Within education, the application of most University entry requirements as common standards treats people differently: there are the same entry requirements to Universities for those who were publicly or privately educated. It has been argued that, as private schools receive more funding and have more dedicated teachers due to higher pay, pupils are better equipped to attain the grades that will get them into the top Universities and so should be subject to higher entry requirements than those that have been publicly educated; eradicating the common standards in order to achieve a sense of equality, by accepting that both types of education are different. Just over 7.2% of pupils in England attend private schools but make up over a quarter of the intake at the twenty-five most selective universities, and 46.6% at Oxford.7

Universities' Minister David Willetts has released an early draft of a guidance letter to the Director of Fair Access, stating that the remit of the Director of Fair Access is to promote and safeguard fair access to higher education. This should be achieved by requiring institutions that wish to charge more than the basic level, over �6000 a year, of graduate contributions to agree new Access Agreements, setting out how they will promote access by under-represented groups.8

Plans are also being examined by Lord Mandelson where positive discrimination will be used so that children from poorer backgrounds applying to university could be given a two-grade 'head start'.9

Such schemes are, not surprisingly, fiercely opposed by independent schools. Geoff Lucas, secretary of the Headmasters' and Headmistresses' Conference, which represents public schools, said: 'Fair access can only be achieved with individual universities making individual choices based on individual pupils. Any blanket policy would be inherently unfair to many pupils and would harm the university system in general. In a sense this is social engineering, but the instruments it is using are far too blunt to do justice to individuals.'10

Bristol University has previously introduced an admissions policy designed to recruit talented students from underprivileged schools: an "alternative admissions scheme". It meant that students who achieved good, but not outstanding, results from schools where A-level scores were low were considered alongside those with top results from high-achieving schools.

But the admissions policy upset representatives of public schools, who believe that high-scoring public school candidates could become victims of positive discrimination and be passed over in favour of state school applicants with lower grades. University spokesman Don Carleton said: "A student who happens to be excellent at a subject in an under-achieving school may have the same academic potential as somebody in one of the best public schools in Britain, but without the libraries, laboratories and devoted staff may not achieve the same A level grades."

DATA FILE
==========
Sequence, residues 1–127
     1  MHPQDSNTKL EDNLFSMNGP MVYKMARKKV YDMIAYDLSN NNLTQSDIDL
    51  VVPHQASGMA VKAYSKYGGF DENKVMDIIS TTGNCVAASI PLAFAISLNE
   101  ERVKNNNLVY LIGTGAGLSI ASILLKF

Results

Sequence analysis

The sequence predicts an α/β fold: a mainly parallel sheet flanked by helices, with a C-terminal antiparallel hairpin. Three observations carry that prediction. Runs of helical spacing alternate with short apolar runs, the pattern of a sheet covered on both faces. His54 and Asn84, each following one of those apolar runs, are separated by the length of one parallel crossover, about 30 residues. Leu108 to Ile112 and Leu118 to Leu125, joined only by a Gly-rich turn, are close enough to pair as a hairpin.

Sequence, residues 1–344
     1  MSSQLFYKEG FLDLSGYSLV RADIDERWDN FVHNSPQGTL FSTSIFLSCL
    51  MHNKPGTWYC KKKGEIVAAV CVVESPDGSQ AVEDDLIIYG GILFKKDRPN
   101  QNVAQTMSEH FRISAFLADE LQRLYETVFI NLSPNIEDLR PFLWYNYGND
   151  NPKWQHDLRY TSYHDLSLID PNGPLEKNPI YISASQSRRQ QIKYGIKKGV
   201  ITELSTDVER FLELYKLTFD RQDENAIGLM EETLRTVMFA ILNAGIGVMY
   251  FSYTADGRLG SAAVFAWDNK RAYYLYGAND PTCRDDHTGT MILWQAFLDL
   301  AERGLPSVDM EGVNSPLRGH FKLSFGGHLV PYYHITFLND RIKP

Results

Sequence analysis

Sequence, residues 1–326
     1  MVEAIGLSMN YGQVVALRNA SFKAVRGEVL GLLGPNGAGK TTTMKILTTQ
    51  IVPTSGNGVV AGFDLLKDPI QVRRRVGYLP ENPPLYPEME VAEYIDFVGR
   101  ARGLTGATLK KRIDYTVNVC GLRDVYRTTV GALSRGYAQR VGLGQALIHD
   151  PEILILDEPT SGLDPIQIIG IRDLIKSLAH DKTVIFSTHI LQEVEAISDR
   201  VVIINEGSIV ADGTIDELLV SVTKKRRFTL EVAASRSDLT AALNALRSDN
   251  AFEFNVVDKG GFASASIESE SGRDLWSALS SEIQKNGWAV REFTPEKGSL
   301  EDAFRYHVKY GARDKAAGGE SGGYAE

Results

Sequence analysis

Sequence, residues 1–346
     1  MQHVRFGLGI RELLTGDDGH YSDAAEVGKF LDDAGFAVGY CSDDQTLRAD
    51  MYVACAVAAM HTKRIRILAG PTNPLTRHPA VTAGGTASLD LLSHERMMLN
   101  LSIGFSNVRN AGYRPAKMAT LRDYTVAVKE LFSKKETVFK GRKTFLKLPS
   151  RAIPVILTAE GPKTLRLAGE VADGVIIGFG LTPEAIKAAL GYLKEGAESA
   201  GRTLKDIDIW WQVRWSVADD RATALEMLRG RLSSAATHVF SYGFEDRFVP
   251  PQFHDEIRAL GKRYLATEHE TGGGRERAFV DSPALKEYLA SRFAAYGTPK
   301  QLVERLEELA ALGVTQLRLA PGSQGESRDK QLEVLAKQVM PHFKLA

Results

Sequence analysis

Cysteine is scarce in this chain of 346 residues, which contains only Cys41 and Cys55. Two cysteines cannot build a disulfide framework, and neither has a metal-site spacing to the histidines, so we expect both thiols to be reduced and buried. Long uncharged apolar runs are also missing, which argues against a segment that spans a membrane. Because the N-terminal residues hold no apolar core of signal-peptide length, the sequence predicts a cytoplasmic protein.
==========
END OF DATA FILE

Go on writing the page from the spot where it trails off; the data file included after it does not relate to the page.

In contrast, a way in which common standards should treat people the same is with regard to the system of criminal law; people of all backgrounds being equals in the eyes of the law. However, as we have recently seen with regard to the aftermath of the MP expenses scandal, MPs may receive the same sentences as the general public but will not serve the same term; a privilege that has been previously shared by celebrities.

It has been seen that the ex-Labour MP, David Chaytor could be released as early as May 2011, despite receiving a prison sentence of 18 months for fiddling expenses in January 2011. Many are saying that this is too short a period in prison; amounting to only a third of his sentence. This is emphasised even more since the judge extended his sentence because of the breach of trust involved.

As his offence is neither violent nor sexual, he is eligible for Home Detention Curfew and electronic tagging for 16 weeks. He could reduce his sentence even more on appeal, though it is doubtful that he has time to get an appeal into court. He is still unlikely to serve no more than 20 weeks.11

This further confirms that, even within the realms of the criminal law, common standards privilege some, the rich, and penalise others, the poor.

Common Standards: Women's Rights

Common standards with regard to men and women have the aim of treating them equally, however, rights have been written by the white, rich male, and do not apply to women. The route international law has taken to attempt to bridge this gap and afford some rights to women, is through the Convention on the Elimination of all forms of Discrimination Against Women (CEDAW). It has been said that this gives extra rights to women that they are not entitled to, abolishing common standards. However, the statute, in reality, by not applying common standards, helps to make men and women more equal in their own roles. CEDAW is meant to be about providing the same set of right to women as normal human rights to men: the main problem being that from the moment of her birth, the girl child confronts a world which values her existence less than that of boys.12

Closer to home, women suffer from being treated the same at work when they should be treated differently, for example, successful executives of both sexes are characterised by a constellation of stereotypically male traits such as competitiveness, assertiveness, and willingness to take risks. This is because the role is in itself masculine, requiring women to adapt to that role; women should be accepted as different and accommodated for rather than being forced to act like men. Achievement of the highest positions typically takes decades of single-minded devotion to career, including long hours and frequent relocations; something that men are much more likely to be able to commit to.13